Chapter 46 - Guyton Flashcards Preview

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Flashcards in Chapter 46 - Guyton Deck (37):


detect compression or stretching of tissues



detect changes in temperature



pain receptors, detect damage occurring in tissues


Electromagnetic receptors

detect light in the retina



detect taste, smell, oxygen level in arterial blood, osmolality of body fluids, carbon dioxide concentration, other chemical factors


Differential sensitivity of receptors.

they are sensitive to one type of stimuli and not others (rods and cones to light but not heat/cold, pain only receptive to pressure once it is enough to cause damage)


What is the "labeled line" principle?

each nerve tract terminates at a specific point in the central nervous system, and the type of sensation felt when a nerve fiber is stimulated is determined by the point in the nervous system to which the fiber leads


What is the receptor potential?

type of stimulus that excites the receptor, its immediate effect is to change the membrane electrical potential of the receptor


Mechanisms of receptor potentials.

1) mechanical deformation of the receptors (stretching of the receptor membrane and ion channels open) 2) application of chemical to the membrane (ion channels open) 3) change of temperature (alters the permeability of the membrane) 4) electromagnetic radiation (changes the receptor membrane characteristics and allows ions to flow through channels)


Maximum amplitude of most sensory receptors.

100 mV


The more the receptor potential rises above threshold level, the greater the frequency of what?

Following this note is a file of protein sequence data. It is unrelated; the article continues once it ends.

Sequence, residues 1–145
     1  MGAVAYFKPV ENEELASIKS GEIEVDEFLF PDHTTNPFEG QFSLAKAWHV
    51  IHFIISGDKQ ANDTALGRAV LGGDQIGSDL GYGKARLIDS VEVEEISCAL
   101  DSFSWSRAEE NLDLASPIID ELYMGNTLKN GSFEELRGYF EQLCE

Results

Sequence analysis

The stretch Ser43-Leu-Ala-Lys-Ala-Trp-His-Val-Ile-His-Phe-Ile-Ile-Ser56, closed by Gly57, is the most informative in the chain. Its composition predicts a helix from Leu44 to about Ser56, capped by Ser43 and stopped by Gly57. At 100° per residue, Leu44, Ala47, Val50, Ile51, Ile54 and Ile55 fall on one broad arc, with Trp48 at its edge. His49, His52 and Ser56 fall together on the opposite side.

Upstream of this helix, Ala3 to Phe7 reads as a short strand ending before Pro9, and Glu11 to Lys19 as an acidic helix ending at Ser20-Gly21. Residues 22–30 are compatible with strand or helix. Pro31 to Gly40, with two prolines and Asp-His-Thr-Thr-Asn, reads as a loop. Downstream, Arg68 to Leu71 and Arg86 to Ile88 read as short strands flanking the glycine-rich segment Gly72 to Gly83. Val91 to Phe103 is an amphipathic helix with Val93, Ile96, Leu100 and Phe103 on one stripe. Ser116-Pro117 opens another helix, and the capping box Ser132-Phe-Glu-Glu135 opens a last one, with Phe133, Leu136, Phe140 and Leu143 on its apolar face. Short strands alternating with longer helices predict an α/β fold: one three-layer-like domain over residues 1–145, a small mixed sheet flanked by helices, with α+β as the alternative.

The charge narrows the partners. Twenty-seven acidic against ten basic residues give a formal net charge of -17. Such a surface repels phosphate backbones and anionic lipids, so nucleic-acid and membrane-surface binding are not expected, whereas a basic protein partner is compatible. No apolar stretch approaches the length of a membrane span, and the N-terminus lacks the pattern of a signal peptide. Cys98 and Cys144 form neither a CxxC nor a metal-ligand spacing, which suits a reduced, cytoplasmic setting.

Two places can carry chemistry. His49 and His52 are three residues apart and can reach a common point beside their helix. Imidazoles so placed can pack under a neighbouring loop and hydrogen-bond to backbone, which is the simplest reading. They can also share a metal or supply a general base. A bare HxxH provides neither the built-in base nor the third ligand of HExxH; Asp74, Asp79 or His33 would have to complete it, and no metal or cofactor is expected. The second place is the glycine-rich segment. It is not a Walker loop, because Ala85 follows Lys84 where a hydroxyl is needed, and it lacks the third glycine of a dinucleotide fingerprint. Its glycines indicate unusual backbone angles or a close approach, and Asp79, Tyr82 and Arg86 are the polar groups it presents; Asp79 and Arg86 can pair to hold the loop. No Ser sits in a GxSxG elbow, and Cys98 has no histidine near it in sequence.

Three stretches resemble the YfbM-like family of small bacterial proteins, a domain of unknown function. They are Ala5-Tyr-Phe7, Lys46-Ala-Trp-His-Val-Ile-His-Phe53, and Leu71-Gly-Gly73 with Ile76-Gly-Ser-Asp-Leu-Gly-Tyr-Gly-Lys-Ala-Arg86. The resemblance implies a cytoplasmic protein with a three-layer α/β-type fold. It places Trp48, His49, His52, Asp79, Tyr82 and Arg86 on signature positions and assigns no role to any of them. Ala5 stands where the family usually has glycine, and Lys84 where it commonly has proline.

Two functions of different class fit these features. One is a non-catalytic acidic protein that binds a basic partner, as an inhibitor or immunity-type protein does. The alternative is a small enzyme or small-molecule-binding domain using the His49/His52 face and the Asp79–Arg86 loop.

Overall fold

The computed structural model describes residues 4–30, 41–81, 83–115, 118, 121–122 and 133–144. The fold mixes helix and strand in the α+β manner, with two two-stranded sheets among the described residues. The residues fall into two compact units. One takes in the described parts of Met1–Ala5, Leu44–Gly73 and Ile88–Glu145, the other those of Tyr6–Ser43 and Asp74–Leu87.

action potentials


What allows sensory receptors to have an extreme range of response, from very weak to very intense?

frequency of repetitive action potentials
transmitted from sensory receptors increases approx. in proportion to the increase in receptor
potential; very intense stimulation of the receptor causes progressively less and less additional increase in numbers of action potentials


What is adaptation of sensory receptors?

adapt either partially or completely to any constant
stimulus after a period of time; pacinian corpuscle
adapts extremely rapidly and hair receptors adapt
within a second or so, whereas some joint capsule and muscle spindle receptors adapt slowly


How do mechanoreceptors adapt?

receptor potential occurs at onset of compression; accommodation (inactivation of Na channels as fiber gradually accommodates stimulus)


What are tonic receptors?

slowly adapting receptors that can transmit signal as long as stimulus is present; examples are muscle spindles, Golgi tendons, pain, baroreceptors, chemoreceptors of carotid and aortic bodies


Rapidly adapting receptors are also called?

rate, movement, or phasic receptors


If you haven't done so (because you are only reading the outlines), go to page 576 in the 11th edition and read the heading: Importance of the Rate Receptors—Their Predictive Function.

that's pretty cool.


Spatial summation.

increasing signal strength by using greater number of fibers


Temporal summation.

increasing the frequency of nerve impulses in each fiber